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portrait of Newton was the only ornament of the closet of Buffon, Ep. to Kneller. Voyage à Montbart. In the chamber of a man of genius we
Write all down:
the arras, figures,
Note i. P. 74, 1. 9.
Quis tantis non gaudeat et glorietur hospitibus, ex. claims Petrarch.-Spectare, etsi nihil aliud, certè juvat. -Homerus apud me mutus, imò verò ego apud illum surdus sum. Gaudeo tamen vel aspectû solo, et sæpe illum amplexus ac suspirans dico: O magne vir, &c.
Epist. Var. Lib. 20.
Note k. P. 76, 1. 5.
Like those blest Youths, See the Legend of the Seven Sleepers. GIBBON, C. 33.
Note l. P. 77, 1.2. Catch the blest accents of the wise and great. Mr. Pope delights in enumerating his illustrious guests. Nor is this an exclusive privilege of the poet. The Medici Palace at Florence exhibits a long and imposing catalogue. Semper hi parietes columnæque eruditis vocibus resonuerunt.
Another is also preserved at Chanteloup, the seat of the Duke of Choiseul.
P. 78, 1. 16.
-Aurea sunt juvenum simulacra per ædeis,
Lucr. ii. 24.
On the proper degree and distribution of light we may consult a great master of effect. Il lume grande, ed alto, e non troppo potente, sarà quello, che renderà le particole de' corpi molto grate.
Tratt. della Pittura di LIONARDO DA VINCI, c. xli.
Hence every artist requires a broad and high light. Hence also, in a banquet-scene, the most picturesque of all poets has thrown his light from the ceiling,
Æn. i. 726. And hence the “starry lamps " of Milton, that
from the arched roof
P. 79, 1. 8. Beyond the triumphs of a Loriot's art. At the petits soupés of Choisy were first introduced those admirable pieces of mechanism, afterwards carried to perfection by Loriot, the Confidente and the Servante; a table and a side-board, which descended, and rose again covered with viands and wines. And thus the most luxurious Court in Europe, after all its boasted refine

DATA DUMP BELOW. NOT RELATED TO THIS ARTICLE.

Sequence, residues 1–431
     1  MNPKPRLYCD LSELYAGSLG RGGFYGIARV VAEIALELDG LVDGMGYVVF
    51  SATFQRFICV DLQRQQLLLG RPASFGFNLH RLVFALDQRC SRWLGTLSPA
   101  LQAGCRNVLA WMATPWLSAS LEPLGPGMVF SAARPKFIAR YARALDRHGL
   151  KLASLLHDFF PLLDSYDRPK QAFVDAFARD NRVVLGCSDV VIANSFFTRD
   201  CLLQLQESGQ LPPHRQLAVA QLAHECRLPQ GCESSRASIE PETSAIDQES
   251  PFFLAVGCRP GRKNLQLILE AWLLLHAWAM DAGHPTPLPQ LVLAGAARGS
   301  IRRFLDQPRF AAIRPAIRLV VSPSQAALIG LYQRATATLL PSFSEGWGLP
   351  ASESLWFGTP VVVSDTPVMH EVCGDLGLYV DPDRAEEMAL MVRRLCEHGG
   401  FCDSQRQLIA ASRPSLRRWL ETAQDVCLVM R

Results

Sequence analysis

ments, was glad to return at last, by this singular contrivance, to the quiet and privacy of humble life.
Vie privée de Louis XV. tom. ii. p. 43.
P. 79, I. 13.
An allusion to the floating bee-house, or barge laden with bee-hives, which is seen in some parts of France and Piedmont.
p. P. 81, 1. 4.
It was the boast of Lucullus that he changed his climate with the birds of
passage. Plut. in Vit. Lucull. How often must he have felt the truth here inculcated, that the master of many houses has no home!
ODE TO SUPERSTITION.*
Hence, to the realms of Night, dire Demon, hence !
Thy chain of adamant can bind
That little world, the human mind,
Wake the lion's loudest roar,
At thy command he plants the dagger deep,
* Written in early youth.
When, with a frown that froze the peopled earth, *
Thou dartedst thy huge head from high,
Night waved her banners o'er the sky, And, brooding, gave her shapeless shadows birth.
Rocking on the billowy air,
Ha! what withering phantoms glare! As blows the blast with many a sudden swell, At each dead pause, what shrill-toned voices yell! The sheeted spectre, rising from the tomb, Points at the murderer's stab, and shudders by; In every grove is felt a heavier gloom, That veils its genius from the vulgar eye:
The spirit of the water rides the storm, And, thro' the mist, reveals the terrors of his form.
O'er solid seas, where Winter reigns,
The fur-clad savage, ere he guides his deer
By glistering star-light thro' the snow,
* Lucretius, I. 63.